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Science Majors Selected as Governor’s STEM Scholars

Science Majors Selected as Governor’s STEM Scholars

Two students in the School of Science have been selected as inaugural scholars for the New Jersey Governor’s STEM Scholars Program. Brandon Gottlob and Susan Knox are among nine college students selected for statewide STEM program.Brandon Gottlob and Susan Knox are among nine college students selected for statewide STEM program. Brandon Gottlob, junior computer science major, and Susan Knox, junior chemistry major, will spend the academic year mentoring high school students from around the state who are interested in the STEM disciplines—science, technology, engineering, and mathematics.

Celebration of Women in Science – Wednesday, October 22

Celebration of Women in Science – Wednesday, October 22

The 2014 Celebration of Women in Science will be held on Wednesday, October 22, in the Education Building, room 212. The goal of this annual event is to celebrate the accomplishments of women students in the School of Science at TCNJ and to encourage them to continue on to further studies or a career in science or mathematics.

Michael Ochs Pinpoints Cancer-Causing Genes with Numbers

Michael Ochs Pinpoints Cancer-Causing Genes with Numbers

You’ve probably never heard of polycythemia vera, a rare cancer that pushes bone marrow into red blood cell production overdrive, upping the risk of blood clots and even leukemia. While there is no cure for the disease, Michael Ochs, TCNJ associate professor of mathematics and statistics, and a colleague of his at Johns Hopkins, are a step closer to identifying patients who stand the best chance of benefitting from treatment.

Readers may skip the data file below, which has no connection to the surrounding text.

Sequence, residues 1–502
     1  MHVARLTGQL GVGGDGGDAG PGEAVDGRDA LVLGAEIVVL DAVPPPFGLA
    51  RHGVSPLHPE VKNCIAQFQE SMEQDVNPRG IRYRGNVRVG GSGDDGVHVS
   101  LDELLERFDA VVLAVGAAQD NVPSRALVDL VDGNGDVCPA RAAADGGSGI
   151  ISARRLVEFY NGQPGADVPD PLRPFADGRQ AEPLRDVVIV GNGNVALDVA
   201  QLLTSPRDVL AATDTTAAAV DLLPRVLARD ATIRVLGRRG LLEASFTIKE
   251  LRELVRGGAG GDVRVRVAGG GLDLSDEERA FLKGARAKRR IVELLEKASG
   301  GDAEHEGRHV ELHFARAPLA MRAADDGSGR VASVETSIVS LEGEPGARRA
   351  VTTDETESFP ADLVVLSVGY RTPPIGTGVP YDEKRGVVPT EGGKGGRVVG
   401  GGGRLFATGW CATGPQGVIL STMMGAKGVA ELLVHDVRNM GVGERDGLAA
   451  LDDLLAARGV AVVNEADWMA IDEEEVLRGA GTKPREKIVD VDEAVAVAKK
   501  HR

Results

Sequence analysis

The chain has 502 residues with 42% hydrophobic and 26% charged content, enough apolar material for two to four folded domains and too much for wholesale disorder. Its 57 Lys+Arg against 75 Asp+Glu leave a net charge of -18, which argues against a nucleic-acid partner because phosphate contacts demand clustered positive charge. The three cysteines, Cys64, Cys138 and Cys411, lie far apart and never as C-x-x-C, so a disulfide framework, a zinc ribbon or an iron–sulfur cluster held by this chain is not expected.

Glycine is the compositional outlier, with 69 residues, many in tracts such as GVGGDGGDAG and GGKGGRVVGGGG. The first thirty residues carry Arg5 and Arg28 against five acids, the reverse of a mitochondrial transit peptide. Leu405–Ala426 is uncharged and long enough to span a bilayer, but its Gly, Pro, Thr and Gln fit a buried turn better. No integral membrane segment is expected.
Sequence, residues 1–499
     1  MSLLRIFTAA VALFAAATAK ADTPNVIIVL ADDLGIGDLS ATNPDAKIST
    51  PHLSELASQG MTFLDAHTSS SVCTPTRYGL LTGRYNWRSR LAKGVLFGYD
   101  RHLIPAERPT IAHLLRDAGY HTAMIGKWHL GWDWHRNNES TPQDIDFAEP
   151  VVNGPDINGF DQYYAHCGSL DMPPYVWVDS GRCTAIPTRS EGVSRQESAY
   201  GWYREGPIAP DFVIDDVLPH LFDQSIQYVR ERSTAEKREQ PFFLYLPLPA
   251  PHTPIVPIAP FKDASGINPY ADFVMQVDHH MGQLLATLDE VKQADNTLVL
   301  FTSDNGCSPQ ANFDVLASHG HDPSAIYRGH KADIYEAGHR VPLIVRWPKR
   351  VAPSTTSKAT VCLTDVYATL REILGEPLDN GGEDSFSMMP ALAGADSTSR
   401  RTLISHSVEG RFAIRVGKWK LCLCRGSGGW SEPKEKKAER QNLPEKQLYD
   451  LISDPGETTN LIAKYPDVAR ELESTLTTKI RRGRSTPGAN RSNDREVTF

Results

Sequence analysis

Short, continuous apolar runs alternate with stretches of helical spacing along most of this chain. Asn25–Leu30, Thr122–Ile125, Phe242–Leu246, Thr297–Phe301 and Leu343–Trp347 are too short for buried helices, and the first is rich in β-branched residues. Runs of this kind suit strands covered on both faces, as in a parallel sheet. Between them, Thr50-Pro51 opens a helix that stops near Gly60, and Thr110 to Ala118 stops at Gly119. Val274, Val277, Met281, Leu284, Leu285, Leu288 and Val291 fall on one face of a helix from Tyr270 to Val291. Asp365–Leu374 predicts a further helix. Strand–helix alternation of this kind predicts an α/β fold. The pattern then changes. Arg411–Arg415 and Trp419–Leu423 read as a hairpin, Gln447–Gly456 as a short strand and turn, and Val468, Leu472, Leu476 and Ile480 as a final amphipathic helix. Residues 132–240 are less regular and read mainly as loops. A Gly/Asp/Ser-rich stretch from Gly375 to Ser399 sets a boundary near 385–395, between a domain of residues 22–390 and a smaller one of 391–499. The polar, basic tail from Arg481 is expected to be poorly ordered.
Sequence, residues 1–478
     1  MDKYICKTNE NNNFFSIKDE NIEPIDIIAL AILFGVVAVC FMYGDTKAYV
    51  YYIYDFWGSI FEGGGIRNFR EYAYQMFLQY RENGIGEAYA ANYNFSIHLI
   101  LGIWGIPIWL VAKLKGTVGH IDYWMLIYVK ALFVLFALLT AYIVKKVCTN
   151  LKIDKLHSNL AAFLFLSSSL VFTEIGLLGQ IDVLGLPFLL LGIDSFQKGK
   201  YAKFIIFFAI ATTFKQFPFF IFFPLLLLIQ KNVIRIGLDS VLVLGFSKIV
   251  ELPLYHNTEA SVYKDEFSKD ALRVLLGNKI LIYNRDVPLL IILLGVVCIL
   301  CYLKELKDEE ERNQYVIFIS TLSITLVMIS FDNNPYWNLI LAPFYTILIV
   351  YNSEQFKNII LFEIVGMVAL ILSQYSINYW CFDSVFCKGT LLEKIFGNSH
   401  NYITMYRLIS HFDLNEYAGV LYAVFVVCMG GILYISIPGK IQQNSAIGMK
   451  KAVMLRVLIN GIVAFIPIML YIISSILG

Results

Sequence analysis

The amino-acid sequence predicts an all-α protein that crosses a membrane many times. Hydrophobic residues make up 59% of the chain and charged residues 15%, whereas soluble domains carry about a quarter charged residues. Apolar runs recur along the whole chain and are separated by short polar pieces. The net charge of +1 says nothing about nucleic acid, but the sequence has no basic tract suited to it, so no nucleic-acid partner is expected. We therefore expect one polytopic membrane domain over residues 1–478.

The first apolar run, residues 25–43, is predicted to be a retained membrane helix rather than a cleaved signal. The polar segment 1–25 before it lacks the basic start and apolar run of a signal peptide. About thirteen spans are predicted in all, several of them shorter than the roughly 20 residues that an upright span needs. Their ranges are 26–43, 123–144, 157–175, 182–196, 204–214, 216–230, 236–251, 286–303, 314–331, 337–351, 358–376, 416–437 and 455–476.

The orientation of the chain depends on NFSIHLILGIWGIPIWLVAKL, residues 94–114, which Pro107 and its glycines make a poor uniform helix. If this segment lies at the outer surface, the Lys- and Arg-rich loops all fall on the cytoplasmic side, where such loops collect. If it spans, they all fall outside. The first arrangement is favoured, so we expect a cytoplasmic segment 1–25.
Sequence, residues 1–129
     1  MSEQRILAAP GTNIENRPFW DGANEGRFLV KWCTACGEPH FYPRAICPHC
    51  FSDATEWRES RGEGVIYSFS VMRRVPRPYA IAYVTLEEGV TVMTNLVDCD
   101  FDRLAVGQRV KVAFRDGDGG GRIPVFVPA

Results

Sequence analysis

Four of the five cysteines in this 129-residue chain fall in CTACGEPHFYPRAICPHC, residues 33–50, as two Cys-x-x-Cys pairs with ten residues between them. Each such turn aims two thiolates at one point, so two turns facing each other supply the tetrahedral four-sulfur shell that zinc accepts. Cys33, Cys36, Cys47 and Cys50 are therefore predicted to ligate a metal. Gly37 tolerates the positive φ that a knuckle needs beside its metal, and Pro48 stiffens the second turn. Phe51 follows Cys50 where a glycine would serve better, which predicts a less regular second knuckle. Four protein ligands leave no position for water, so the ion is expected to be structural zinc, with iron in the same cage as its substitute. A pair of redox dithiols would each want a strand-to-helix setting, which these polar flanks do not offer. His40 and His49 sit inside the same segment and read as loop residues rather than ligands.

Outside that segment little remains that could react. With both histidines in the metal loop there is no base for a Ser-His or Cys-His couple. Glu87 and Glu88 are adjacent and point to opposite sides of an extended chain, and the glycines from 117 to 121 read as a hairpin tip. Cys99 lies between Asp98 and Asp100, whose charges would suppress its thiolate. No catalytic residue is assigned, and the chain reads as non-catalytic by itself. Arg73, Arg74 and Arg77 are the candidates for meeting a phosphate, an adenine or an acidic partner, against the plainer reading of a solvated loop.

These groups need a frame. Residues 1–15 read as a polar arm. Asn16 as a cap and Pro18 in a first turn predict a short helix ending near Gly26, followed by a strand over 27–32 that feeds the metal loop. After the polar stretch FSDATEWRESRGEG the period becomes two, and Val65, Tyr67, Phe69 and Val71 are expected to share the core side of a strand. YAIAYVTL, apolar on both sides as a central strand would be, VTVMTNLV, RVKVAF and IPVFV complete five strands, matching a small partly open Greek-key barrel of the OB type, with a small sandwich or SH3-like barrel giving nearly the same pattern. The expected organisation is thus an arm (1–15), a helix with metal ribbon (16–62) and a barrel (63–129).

Count Like an Egyptian

Count Like an Egyptian

Fifteen years before the Pyramid of Giza broke ground, the Pharaoh Sneferu oversaw the construction of what is believed to be the first-ever pyramid with smooth, rather than stepped, sides. The plans were grand. The sides were steep. And halfway through construction, the pyramid began to crumble. The 54-degree angle was simply too steep to maintain. The builders scrambled to salvage the massive structure by changing the pyramid’s angle to a more moderate 43 degrees. Today, the wonky-looking structure—known as the Bent Pyramid—still stands.

NSF funds Innovative Projects in Computational Science

NSF funds Innovative Projects in Computational Science

A new $630,000 National Science Foundation (NSF) grant is supporting an initiative in the School of Science to recruit, retain, and graduate more TCNJ students in computer science, mathematics and statistics. The project, “Innovative Projects in Computational Science” (iPics), will fund nine first-year students and six upper-class students for the 2014-15 academic year, providing scholarships and coordinated support programs such as tutoring, mentoring and advising to supplement those already provided by the college. Each student will receive upwards of $5,000 of scholarship money each year they are in the program.

Biology Major’s Internship at Emory University Hospital Takes an Unexpected Turn

Biology Major’s Internship at Emory University Hospital Takes an Unexpected Turn

Reports about the Ebola virus epidemic in West Africa had been in the news throughout the summer when the Pentagon announced that two Americans serving there had been infected and would be transported to the specialized isolation unit at Emory University Hospital for treatment. The news catapulted senior Ryan Le, a senior biology major with a minor in public health, into a hospital administration internship experience that he could not have anticipated when he was accepted into the 12-week Emory program.

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